Kids with Cancer

From the Barber’s Chair to the Front Lines in the Fight Against Kids’ Cancer

by Aaron Thompson
April 8, 2014

After his fourth shave for St. Baldrick’s, Aaron found out he had childhood cancer. The end of March marked one year of remission for Aaron. He shares his thoughts after his sixth St. Baldrick’s event. (Find an event near you!)

Aaron Thompson

Aaron in 2012 before he was diagnosed with pediatric cancer.

I was 11 the first time I participated in a St. Baldrick’s event. It was 2009 and I was at a swim meet when my coach mentioned there would be a head-shaving event to benefit childhood cancer research right in my home town of Lawrenceville, New Jersey.

At that time, I thought the idea of shaving my head would be cool and kind of fun. I was one of the only kids in my town to participate. After a few more years of being a shavee, I learned more about the St. Baldrick’s Foundation and the importance of raising money and shaving your head to support children’s cancer research.

I created my own team, the Bald Buddies, and encouraged some friends from school to raise money and shave their heads with me. As the years went on, my team, as well as the event, grew larger and larger.

Around Thanksgiving of 2012, I noticed a grape-sized bump on the side of my neck. My mom thought it was a swollen gland but since I didn’t have any other symptoms, we waited to see if it changed or went away.

Join Aaron in the fight against childhood cancer.
Aaron after shaving his head to help fund pediatric cancer research

Aaron shaved his head for St. Baldrick’s four years in a row before he was diagnosed with pediatric cancer.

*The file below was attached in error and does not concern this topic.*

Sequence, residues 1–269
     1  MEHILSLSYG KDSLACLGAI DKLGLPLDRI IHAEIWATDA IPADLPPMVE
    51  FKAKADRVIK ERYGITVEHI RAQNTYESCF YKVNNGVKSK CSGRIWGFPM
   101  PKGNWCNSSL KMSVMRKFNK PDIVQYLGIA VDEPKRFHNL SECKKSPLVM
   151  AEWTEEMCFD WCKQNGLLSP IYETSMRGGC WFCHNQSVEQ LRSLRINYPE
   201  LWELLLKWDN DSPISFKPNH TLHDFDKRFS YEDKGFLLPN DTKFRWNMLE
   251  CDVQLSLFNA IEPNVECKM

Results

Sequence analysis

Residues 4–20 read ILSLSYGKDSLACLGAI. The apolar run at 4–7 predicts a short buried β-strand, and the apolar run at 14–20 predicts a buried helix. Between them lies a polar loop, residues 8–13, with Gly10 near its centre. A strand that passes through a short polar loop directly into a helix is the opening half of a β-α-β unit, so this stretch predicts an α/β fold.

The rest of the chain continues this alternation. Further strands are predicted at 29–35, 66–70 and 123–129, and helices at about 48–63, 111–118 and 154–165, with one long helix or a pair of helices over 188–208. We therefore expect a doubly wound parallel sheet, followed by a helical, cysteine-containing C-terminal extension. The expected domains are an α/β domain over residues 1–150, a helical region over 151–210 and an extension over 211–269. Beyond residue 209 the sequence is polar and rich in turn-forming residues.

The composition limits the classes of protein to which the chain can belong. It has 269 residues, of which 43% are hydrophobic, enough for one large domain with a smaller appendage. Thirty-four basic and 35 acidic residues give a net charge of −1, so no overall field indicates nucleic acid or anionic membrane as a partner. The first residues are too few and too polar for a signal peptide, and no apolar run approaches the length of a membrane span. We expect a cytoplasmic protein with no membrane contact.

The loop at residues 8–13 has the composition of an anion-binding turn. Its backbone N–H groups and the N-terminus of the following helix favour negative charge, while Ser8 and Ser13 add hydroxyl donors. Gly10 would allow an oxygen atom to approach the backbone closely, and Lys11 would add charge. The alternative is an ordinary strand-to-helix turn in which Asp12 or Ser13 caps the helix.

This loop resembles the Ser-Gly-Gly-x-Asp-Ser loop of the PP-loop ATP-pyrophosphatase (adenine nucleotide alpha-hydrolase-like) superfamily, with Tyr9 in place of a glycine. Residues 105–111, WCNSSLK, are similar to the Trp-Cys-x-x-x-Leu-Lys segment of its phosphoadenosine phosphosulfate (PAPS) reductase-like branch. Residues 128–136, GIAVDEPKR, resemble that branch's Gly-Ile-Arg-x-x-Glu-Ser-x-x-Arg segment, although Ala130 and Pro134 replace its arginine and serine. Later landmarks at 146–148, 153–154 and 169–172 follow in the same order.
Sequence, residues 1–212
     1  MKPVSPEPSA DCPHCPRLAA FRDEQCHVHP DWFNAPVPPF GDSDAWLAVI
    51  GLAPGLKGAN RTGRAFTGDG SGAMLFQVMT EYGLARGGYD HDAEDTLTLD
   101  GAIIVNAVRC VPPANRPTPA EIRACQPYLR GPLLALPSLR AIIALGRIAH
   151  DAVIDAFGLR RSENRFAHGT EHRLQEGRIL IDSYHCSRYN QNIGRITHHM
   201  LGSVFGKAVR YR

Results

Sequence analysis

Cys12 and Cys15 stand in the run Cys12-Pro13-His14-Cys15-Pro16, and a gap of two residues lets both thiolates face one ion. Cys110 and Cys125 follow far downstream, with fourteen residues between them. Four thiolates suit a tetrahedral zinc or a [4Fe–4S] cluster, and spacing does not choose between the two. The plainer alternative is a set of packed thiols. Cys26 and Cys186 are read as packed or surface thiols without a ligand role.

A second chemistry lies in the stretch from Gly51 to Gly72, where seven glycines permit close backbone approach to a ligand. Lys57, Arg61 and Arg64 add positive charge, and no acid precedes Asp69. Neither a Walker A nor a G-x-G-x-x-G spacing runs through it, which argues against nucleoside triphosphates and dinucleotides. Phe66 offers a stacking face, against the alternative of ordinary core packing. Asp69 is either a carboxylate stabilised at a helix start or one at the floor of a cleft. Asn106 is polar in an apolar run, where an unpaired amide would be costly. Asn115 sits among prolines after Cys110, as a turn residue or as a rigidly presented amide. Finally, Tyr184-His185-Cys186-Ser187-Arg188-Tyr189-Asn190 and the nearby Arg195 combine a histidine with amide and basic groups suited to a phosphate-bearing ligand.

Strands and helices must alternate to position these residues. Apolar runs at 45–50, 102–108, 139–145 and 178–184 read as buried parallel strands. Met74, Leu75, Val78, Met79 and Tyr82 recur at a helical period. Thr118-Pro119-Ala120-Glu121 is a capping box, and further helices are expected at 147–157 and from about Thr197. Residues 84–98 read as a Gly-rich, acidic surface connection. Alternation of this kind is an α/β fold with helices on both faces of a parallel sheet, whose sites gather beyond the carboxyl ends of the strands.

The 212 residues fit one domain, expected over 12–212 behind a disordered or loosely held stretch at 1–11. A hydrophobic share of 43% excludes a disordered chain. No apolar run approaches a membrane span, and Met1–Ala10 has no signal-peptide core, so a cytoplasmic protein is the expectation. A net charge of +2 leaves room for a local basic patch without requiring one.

A few weeks went by and the lump grew larger, so I went to the doctor to get it checked out. After a series of tests — an ultrasound, a CAT scan, and a biopsy — we learned it was something much more serious than a swollen gland.

Preliminary results showed that I had a type of pediatric cancer called Burkitt lymphoma. Of course the news was very shocking to me and my family — I was an active and seemingly healthy 15-year-old.

On December 26, 2012, I was admitted to the Children’s Hospital of Philadelphia. The next day, the diagnosis was confirmed and I began a three-week stay of intense chemotherapy.

Aaron in treatment

Aaron while he was in treatment for non-Hodgkin lymphoma.

After I came home, I got used to going to clinic for check-ups every Friday and being readmitted to the hospital every few weeks for one to two weeks of chemo. I had to squeeze in schoolwork whenever I could. The hospital stays were tough, but the amount of support I received from friends, family, and even people I didn’t even know helped to keep my spirits up.

I had been in treatment for about three months when our St. Baldrick’s event came around again, and I knew it would mean so much more that year than any other. I sent out my usual email asking for donations, and the response I received was crazy! I ended up raising $2,995 for childhood cancer research — nearly 10 times what I’d raised the year before — and the entire Lawrenceville event raised over $140,000.

The amount of support I got from everyone at the event was overwhelming. It was quite an experience to see how a community can have fun and rally around a cause to accomplish such great things.

St. Baldrick’s has become a very important part of my life, and my experience with childhood cancer has made me realize how vital it really is. Even though I volunteered instead of shaving at this year’s event, I can’t wait to shave my head next year and become a Knight of the Bald Table.

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